CAPS: Returning starter from 2005
Bold: 2006 Pre-Spring projected starter
#: Suspended from spring practice
^: Eligibility issues
$: Heisman Trophy Candidate
|2006 Syracuse Offensive Tackles|
|Returning Players||C. Chavers||So.|
|Incoming Players||A. Rosner||Fr.|
|2006 Syracuse Centers|
|Returning Players||J. OUTTEN||Sr.|
|2006 Syracuse Offensive Guards|
|Returning Players||C. MADISON||Jr.|
|2006 Syracuse Offensive Line|
|Incoming Players||R. Bartholomew||Fr.|
To say that Syracuse's offensive line was poor in 2005 may be the understatement of the century. Generating only 2.96 yards per rushing attempt and yielding an incredible 37 sacks on the season, the Orange offensive line was downright terrible in its 11-game campaign a year ago.
Unfortunately, the execution is not likely to improve significantly in 2006.
Through approximately ten pre-season practices, the Orange have yet to solidify its starting rotation up front. As it stands currently, Syracuse Post-Standard staff writer Donnie Webb believes the offensive line will eventually look as follows:
Based on what's taking place in the short period of practice open to the media, it seems SU is sticking with a working order of Corey Chavers and Eugene Newsome at tackle, Ryan Durand and Carroll Madison at guard; and either Outten or McCall at center.
There are two frightening aspects of this report. First, Syracuse is likely to start a combination of two sophomores and two juniors at the guard and tackle position. Given the youth of this group and Bob Wylie's new strategic approach, a premonition that appeared in this notebook in March of 2006 may just come to fruition:
Speaking of the offensive line, the more things change, the more I fear they will stay the same. On Syracuse's 2006 pre-spring depth chart, Greg Robinson has listed four new starters on a group that was amongst the Big East's worst in 2005. Things were so bad in 2005 for the Syracuse offensive line that coach Bob Wylie stated the following when asked about implementing a new, simplified approach to blocking:"The learning curve wasn't as fast as I thought it would be," he said. "I thought they would grab it faster. I thought they knew what I was talking about.""You can't assume that they know [the new blocking system], that they're going to be better because they've been in the system for a year. We're not taking that for granted. We're starting right from the beginning and we're putting it all back in again. Now, are they going to understand it better? They have a better chance to."
Great. Not only does the Orange lack any talent up front, they apparently have comprehension levels of a Pop Warner football team.
While this is a cause for concern, the real issue with the offensive line is the center position. Last year's starter Justin Outten had a horrific 2005 campaign, often playing hurt and frequently drawing the ire of more than a few Orange fans. As any knowledgeable football fan knows, the success or failure of an offensive line turns on the talent at the center position. Having the responsibility of identifying the defense and audibling offensive protection packages, the man crouched over the football is the linchpin in an offense's ability to move the football.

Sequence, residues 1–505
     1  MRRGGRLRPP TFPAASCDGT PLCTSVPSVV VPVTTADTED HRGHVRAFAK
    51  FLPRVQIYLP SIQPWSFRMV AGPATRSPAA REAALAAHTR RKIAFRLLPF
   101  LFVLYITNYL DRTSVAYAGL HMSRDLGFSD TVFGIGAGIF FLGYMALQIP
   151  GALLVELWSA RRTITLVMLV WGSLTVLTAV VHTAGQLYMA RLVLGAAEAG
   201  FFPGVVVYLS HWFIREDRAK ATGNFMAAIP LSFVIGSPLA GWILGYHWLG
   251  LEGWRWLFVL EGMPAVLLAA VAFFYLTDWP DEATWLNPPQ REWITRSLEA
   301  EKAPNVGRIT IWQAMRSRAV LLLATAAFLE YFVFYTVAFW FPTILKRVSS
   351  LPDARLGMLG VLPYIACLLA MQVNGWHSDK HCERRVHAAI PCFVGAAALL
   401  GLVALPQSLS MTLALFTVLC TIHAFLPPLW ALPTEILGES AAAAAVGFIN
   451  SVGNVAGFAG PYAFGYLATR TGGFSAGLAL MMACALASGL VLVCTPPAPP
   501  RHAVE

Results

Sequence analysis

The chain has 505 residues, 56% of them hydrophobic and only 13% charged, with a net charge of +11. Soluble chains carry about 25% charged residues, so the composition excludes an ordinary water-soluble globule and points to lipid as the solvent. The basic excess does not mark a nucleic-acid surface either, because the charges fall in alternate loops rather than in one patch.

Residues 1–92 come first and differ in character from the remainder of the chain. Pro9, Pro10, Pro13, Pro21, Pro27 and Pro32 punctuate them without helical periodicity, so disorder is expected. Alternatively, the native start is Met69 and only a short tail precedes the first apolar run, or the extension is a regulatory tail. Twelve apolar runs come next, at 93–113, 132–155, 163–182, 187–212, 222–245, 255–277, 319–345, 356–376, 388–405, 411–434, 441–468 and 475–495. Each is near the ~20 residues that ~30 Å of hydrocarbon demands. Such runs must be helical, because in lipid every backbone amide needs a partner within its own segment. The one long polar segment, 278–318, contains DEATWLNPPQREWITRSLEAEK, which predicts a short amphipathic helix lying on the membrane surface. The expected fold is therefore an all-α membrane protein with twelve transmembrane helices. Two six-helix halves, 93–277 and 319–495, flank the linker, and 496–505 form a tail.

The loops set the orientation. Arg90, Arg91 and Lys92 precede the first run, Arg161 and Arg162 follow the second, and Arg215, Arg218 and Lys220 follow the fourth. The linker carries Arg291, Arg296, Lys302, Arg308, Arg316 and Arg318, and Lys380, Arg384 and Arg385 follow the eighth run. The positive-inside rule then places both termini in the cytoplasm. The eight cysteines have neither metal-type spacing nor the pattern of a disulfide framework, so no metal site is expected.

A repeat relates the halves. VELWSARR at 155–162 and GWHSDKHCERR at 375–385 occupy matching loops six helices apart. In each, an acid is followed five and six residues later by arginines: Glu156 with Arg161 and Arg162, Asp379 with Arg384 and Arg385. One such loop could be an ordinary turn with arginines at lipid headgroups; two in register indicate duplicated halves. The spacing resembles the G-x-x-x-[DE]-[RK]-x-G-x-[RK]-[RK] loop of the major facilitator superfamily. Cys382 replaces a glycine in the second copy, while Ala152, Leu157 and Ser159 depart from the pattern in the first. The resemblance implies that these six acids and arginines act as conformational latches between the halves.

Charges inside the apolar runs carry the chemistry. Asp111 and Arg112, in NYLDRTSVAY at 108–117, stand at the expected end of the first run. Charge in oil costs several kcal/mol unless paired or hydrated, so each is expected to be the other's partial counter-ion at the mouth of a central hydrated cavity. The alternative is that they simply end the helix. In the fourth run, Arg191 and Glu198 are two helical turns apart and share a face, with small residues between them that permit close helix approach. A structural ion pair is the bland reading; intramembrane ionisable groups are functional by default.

And Syracuse still has no idea who is going to snap the bean to Perry Patterson in 2006.
Recent reports indicate that Justin Outten and Marvin McCall are locked in a tight battle, but unfortunately, neither has particularly distinguished himself:
Senior Justin Outten and junior Marvin McCall continue to rotate in their battle for the starting center job. Coaches say they won’t make a decision on a starter any time soon.There is still significant strides to be made, however, as recent comments made by Outten and McCall indicate that they are still learning as opposed to instinctively executing:
"We don’t want to,” Robinson said after practice on Monday. “We want to find out how good they can get. The moment you shut it down, one of them is going to shut it down a little.”
Robinson said he has seen growth in his troubled offensive line.
“Periodically, they do real well,” Robinson said. “Then there will be somewhere where they won’t. I’m just saying, they’re better than when we ended spring ball. I see it. I like the way they’re playing together as a unit. I like the camaraderie of the group. In the offensive line, that’s important. I see their run blocking is getting better and their protection world is getting better. I like the progress. They’re not there. We’ve still got plenty of work to do.”
"We sat down in the meeting rooms the whole summer and went over each play and the calls," Outten said. "We definitely have a better grasp. I'm recognizing the defenses better and the blitzes and putting guys where they have to be now instead of just second-guessing myself."In terms of analysis, there is not a lot to say about this unit. The Orange's 2006 season should be a repeat of its 2005 campaign, although expectations of mild improvement are not particularly radical. So long as this unit stays relatively injury free, Greg Robinson will be able to exercise the option of redshirting his long list of newcomers, allowing the group a full year of exposure to the West Coast Offense and its intricate blocking schemes.
"When theyfirst installed, it I didn't really understand the calls and stuff like that," McCall said, perhaps explaining why he stood on the sideline while Outten played injured last season. "Now there is much more confidence."
If that can occur, Syracuse will have positioned itself spectacularly for 2007.